Daily archives: April 10, 2010

Death of Polish Katyn Delegation

A Head of State has a symbolic importance for the nation, that transcends the personalityand politics of the individual in office. I am therefore very sorry for the Polish people at the loss of President Kaczynski and the Polish delegation in the air crash at Smolensk.

Looking at the list of victims, I knew at least five of them, though not colse friends, from my time in the British Embassy in Warsaw, which makes the tragedy more real to me.

The massacre at Katyn was one of the most dreadful chapters in Poland’s tragic history. It was not just a massacre of 22,000 soldiers – it was a determined attempt by Stalin to wipe out the entire Polish officer class, as a step towards eliminating Poland’s indigenous leadership potential.

You have to understand Polish history to fully guage the significance of this. In the eighteenth century Poland was wiped off the map in successive partitions by Austria, Prussia and Russia. For two and a half centuries the Polish nation disappeared from Europe. Poles werensplit between different Empires, with Poles expected to fight Poles on their new masters’ behalf. A brief period of existence under Napoleon helped keep Polish identity alive – and along with the Chopin story sparked a lasting attachment to France..

So when Poland reemerged from the mists of time – to quote Norman Davies – in 1918 as a nation again, it was a nation with a sense of the precariousness of its own existence, which was to be strengthened by the hard but succesful battles against Soviet invasion in 1921.

It was only 18 years later, and Poland had only existed anew for 21 years, when Stalin and Hitler treacherously invaded Poland and partitioned it yet again. Britian’s declaration of war was no practical help to the Poles. As Poland was fighting for its very existence, even the least warlike had signed up for the hopeless fight against both Hitler and Stalin, so the 22,000 Polish officers among Stalin’s prisoners of war were a broad cross section of Poland’s educated classes.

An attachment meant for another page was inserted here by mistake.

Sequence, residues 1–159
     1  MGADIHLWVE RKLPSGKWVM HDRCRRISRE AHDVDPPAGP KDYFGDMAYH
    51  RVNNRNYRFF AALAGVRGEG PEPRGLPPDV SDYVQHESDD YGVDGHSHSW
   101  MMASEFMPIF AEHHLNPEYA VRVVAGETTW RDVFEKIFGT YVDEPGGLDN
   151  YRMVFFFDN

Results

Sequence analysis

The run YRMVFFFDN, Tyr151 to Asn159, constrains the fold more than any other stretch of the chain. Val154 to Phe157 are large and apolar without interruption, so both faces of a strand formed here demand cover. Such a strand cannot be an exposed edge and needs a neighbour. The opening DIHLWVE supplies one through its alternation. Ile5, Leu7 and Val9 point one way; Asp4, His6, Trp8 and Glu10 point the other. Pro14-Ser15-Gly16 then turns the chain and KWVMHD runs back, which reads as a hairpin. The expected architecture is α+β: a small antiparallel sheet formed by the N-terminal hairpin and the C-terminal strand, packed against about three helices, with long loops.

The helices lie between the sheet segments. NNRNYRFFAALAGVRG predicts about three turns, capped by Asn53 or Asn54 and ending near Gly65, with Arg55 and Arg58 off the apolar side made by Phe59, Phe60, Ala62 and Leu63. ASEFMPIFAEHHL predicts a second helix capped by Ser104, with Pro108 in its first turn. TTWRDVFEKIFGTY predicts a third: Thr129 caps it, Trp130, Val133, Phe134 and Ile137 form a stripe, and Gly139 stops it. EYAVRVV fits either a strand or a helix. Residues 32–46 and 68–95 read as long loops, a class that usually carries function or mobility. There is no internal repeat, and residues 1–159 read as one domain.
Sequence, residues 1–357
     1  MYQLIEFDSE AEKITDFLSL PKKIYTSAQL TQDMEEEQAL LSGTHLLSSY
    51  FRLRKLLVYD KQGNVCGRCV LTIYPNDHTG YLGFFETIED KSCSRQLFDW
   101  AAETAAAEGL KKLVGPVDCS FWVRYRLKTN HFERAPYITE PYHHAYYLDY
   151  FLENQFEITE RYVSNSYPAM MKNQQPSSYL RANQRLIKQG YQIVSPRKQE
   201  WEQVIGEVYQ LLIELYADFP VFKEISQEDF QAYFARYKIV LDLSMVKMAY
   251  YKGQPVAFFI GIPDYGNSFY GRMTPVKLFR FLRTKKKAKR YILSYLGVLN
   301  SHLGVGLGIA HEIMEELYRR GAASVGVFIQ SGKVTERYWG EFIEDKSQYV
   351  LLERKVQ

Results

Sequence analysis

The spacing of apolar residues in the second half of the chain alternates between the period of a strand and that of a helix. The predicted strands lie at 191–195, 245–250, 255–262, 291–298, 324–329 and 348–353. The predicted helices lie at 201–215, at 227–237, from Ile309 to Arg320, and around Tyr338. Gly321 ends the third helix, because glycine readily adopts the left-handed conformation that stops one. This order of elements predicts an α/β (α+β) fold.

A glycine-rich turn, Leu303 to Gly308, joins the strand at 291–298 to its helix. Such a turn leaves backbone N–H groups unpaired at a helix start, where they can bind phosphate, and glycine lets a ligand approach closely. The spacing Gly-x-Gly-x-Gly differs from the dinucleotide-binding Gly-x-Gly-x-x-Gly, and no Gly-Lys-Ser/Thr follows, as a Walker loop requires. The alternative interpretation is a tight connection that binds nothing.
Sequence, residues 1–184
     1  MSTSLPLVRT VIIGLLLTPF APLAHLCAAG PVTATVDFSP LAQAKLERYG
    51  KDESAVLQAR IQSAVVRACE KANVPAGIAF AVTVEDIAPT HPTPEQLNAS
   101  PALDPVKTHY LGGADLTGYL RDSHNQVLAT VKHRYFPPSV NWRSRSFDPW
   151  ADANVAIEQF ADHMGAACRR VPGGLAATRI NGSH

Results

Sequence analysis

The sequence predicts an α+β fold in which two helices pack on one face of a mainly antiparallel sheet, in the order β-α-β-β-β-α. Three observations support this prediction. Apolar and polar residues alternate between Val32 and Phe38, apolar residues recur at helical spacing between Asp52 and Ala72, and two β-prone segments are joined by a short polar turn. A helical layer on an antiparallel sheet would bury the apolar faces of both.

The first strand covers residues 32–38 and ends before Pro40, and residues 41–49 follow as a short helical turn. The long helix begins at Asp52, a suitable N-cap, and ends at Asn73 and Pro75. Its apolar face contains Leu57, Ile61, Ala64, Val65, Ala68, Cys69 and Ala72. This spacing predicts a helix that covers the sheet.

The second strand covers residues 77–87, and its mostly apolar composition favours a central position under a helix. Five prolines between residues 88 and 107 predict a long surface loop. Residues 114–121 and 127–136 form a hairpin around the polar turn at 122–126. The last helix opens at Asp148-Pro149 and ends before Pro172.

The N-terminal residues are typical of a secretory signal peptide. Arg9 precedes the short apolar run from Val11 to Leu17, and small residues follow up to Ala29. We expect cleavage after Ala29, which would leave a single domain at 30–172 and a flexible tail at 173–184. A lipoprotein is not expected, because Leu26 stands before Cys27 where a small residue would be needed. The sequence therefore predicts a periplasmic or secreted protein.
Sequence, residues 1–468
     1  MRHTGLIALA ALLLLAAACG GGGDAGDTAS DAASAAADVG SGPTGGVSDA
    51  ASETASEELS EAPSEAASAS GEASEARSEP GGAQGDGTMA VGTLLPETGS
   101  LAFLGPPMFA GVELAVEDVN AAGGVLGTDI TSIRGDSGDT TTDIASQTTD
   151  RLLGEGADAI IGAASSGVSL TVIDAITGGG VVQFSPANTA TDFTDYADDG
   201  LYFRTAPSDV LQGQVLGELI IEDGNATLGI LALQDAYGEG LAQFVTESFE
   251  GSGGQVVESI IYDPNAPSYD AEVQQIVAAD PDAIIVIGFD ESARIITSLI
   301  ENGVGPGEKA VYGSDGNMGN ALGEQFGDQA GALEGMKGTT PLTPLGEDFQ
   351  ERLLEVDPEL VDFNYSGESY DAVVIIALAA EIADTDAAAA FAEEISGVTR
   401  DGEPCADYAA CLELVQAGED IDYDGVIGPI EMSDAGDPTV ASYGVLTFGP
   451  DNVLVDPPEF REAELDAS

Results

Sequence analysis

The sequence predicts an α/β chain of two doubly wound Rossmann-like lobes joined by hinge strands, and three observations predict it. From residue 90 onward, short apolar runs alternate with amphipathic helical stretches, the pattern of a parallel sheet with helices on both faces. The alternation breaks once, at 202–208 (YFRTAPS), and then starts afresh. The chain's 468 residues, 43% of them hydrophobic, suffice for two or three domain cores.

Stalin’s decision to massacre them was an attempt to eradicate the very idea of an independent Poland.

When I was in Uzbekistan I was astonsihed to find that in Uzbek schools and universities the Stalin-Hitler pact had been eradicated from the history books. That is true today. They are told the “Great Patriotic War” started inn 1941. The Soviet invasion of Poland is a banned subject.

Since Putin’s new brand of Russian nationalism, the Stalin/Hitler pact has again diasppeared from Russian school books, although it is not formally a banned subject and is taught at some universities. But Putin – who of course is a product of the Soviet secret services – has discouraged at every turn openness about the crimes of Stalin, and archives on the subject have again been closed to the public.

The Poles were therefore quite right to press the Russians hard on Katyn, and you can be sure that the ceremonies would not have been given much prominence in Russian media. The fascinating thing now will be to monitor just how much depth the Russian media give to explaining just what President Kaczynski was on his way to Russia for

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